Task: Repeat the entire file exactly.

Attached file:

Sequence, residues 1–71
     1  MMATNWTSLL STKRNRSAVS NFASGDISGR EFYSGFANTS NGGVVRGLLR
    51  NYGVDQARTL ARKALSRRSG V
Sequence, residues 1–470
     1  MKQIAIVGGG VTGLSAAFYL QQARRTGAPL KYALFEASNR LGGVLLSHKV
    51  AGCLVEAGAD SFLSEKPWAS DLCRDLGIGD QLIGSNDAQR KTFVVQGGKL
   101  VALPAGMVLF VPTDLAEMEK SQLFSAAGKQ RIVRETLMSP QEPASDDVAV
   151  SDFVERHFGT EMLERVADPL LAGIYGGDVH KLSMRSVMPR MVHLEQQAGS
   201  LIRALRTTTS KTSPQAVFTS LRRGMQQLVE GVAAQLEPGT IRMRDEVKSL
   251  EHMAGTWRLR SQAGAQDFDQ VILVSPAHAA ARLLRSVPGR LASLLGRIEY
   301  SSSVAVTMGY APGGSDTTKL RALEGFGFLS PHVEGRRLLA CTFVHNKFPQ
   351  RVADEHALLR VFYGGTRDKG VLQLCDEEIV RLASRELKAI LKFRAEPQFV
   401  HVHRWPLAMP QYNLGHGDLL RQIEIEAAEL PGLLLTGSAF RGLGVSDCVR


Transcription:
Sequence, residues 1–71
     1  MMATNWTSLL STKRNRSAVS NFASGDISGR EFYSGFANTS NGGVVRGLLR
    51  NYGVDQARTL ARKALSRRSG V
Sequence, residues 1–470
     1  MKQIAIVGGG VTGLSAAFYL QQARRTGAPL KYALFEASNR LGGVLLSHKV
    51  AGCLVEAGAD SFLSEKPWAS DLCRDLGIGD QLIGSNDAQR KTFVVQGGKL
   101  VALPAGMVLF VPTDLAEMEK SQLFSAAGKQ RIVRETLMSP QEPASDDVAV
   151  SDFVERHFGT EMLERVADPL LAGIYGGDVH KLSMRSVMPR MVHLEQQAGS
   201  LIRALRTTTS KTSPQAVFTS LRRGMQQLVE GVAAQLEPGT IRMRDEVKSL
   251  EHMAGTWRLR SQAGAQDFDQ VILVSPAHAA ARLLRSVPGR LASLLGRIEY
   301  SSSVAVTMGY APGGSDTTKL RALEGFGFLS PHVEGRRLLA CTFVHNKFPQ
   351  RVADEHALLR VFYGGTRDKG VLQLCDEEIV RLASRELKAI LKFRAEPQFV
   401  HVHRWPLAMP QYNLGHGDLL RQIEIEAAEL PGLLLTGSAF RGLGVSDCVR